The 2-point margin means a protest is coming, and hopefully some postgame shenanigans.

The not-so-mystery of Jordan Poole

Mavs beat Warriors as Steph Curry scores 57 - Golden State Of Mind

Mavs beat Warriors as Steph Curry scores 57 - Golden State Of Mind

This was a good Poole game. For the most part, he drove to the hoop without doing the thing where he spins and trips and falls every other possession.

He was assertive, as typified by a dunk you don’t usually see from him.

He had 16 points (6-of-13, 0-of-4 from 3-pt), 6 assists, a rebound and zero turnovers.

When he takes smart shots, the results tend to be positive. He’s a guy who often takes poor shots, as is evidenced by a horrific 3-point percentage.

Just how bad is his 3-point shooting? For a moment, he was trailing Draymond Green in 3-point percentage.

He’s down to 32.81 percent on the season from deep (188/573), while Green is at 32.46 percent (37/114).

He ended the third quarter with a dynamic spin move, drive inside and a no-look dish to a cutting JaMychal Green to put Golden State up by three.

Of course, he prompted to ruin that great game with a disastrous stretch in the early fourth. With 6:35 left, the Warriors led 113-105.

Exactly one minute later, following a few disastrous Poole possessions, the game was tied. He sat for the rest of the game.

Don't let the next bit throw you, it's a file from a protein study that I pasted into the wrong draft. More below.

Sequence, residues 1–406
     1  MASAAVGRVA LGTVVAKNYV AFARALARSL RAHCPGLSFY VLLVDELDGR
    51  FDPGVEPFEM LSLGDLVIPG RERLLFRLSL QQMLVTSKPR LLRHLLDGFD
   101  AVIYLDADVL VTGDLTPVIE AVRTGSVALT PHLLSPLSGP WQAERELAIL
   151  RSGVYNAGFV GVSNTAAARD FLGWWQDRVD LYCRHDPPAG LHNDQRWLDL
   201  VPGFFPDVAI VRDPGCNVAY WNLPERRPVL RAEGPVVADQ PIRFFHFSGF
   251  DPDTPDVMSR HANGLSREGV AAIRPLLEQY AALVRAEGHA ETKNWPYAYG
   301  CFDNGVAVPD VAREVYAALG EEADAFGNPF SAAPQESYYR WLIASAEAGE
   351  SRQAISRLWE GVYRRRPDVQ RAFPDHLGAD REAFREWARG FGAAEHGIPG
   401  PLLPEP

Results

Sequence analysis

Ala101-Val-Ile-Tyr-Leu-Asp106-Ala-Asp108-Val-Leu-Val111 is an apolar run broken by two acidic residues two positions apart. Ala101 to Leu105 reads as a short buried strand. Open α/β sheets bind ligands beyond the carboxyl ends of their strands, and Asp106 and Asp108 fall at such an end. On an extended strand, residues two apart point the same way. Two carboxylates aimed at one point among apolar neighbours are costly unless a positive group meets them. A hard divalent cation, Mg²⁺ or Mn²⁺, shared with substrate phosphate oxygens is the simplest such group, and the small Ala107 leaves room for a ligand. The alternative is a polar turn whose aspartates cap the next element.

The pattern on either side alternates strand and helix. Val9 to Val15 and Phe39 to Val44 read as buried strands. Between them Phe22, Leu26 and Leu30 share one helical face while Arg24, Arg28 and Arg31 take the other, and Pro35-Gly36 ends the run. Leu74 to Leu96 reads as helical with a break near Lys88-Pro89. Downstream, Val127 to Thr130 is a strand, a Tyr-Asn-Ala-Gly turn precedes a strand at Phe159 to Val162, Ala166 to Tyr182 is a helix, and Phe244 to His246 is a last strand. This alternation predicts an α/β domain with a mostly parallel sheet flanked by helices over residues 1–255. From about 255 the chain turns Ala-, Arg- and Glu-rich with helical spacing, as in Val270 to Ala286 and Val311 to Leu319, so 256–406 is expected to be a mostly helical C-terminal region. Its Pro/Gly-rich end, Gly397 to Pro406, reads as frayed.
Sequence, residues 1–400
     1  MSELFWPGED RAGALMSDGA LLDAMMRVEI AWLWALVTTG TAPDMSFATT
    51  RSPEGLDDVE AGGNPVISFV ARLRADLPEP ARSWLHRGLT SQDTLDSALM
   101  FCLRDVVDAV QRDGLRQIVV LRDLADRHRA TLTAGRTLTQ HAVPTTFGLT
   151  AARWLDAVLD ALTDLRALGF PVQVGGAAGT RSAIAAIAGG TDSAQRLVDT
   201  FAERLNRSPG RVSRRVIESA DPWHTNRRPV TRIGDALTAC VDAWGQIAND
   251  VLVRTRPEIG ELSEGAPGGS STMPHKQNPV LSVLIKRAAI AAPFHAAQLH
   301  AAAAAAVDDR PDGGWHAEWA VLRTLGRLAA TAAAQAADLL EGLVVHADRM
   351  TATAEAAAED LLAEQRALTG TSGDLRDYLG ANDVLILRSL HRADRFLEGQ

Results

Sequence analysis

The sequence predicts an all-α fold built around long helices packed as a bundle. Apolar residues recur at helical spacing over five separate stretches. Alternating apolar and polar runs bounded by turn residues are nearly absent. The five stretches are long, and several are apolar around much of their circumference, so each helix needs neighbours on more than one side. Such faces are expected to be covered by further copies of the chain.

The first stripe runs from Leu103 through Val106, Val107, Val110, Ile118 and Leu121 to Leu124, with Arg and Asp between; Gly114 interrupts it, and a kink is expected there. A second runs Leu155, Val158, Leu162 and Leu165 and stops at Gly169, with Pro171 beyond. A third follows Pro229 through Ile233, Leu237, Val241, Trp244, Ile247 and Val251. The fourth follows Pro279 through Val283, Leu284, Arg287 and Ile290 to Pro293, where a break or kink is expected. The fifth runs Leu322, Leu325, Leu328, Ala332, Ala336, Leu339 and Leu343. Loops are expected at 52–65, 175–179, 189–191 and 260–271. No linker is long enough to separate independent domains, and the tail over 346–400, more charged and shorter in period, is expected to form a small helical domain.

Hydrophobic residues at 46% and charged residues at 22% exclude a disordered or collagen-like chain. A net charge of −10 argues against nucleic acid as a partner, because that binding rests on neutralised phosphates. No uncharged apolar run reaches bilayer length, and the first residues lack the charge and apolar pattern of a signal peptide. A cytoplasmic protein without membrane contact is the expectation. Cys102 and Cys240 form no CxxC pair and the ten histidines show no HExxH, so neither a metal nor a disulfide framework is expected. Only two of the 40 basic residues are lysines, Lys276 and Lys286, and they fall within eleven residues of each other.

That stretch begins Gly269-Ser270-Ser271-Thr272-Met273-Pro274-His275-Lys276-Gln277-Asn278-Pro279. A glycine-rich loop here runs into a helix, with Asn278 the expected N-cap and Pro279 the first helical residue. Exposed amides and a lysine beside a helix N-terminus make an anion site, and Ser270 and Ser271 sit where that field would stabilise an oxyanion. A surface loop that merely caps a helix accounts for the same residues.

It’s moments like those that leave you with a perpetual distrust of Poole. He’s just far too chaotic and provides too little on defense to be consistently relied upon, even on a night when he was, for the most part, very helpful.

Jonathan Kuminga improving every day

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It’s hard to understate just how substantial Jonathan Kuminga’s play has improved.

He’s had stretches of excellence in the past. He’s got a head-hitting-the-rim vertical that highlights an outrageous athleticism. There are times Kuminga gets hot from deep, flashes an ability to hit post fadeaways and fill it up from the mid-range. His length has been evident on defense.

But it’s been an inconsistent process, especially on a team that has proven so difficult for young players to fit into.

In the past, when he’s impressed, it’s also felt distinct from the flow of Golden State’s ethos. He was shot out of a cannon and it didn’t always fit, even if his impact was a massively positive.

Lately, he’s shown a tangible feel for the scheme. He’s cutting when he should, taking on defensive assignments with intent, and without fouling as recklessly (3 on Wednesday), taking his one-on-one chances when they make a bit more sense and crashing the glass a bit more.

Against Dallas, he was a constant. He was the primary defender on Luka Doncic while getting his on the other end. He came up with a major stop on the red-hot Hardy in the final three minutes and helped keep Doncic to an inefficient shooting night.

He was efficient in everything he did, scoring 22 points (9-of-11, 2-of-3 from 3) with 3 rebounds, 2 steals and an assist. Dunks like this were on display from the still-just-20-year-old.

While Golden State isn’t going to win a title without Andrew Wiggins, Kuminga’s development, especially on defense, might give them a fighting chance in a series.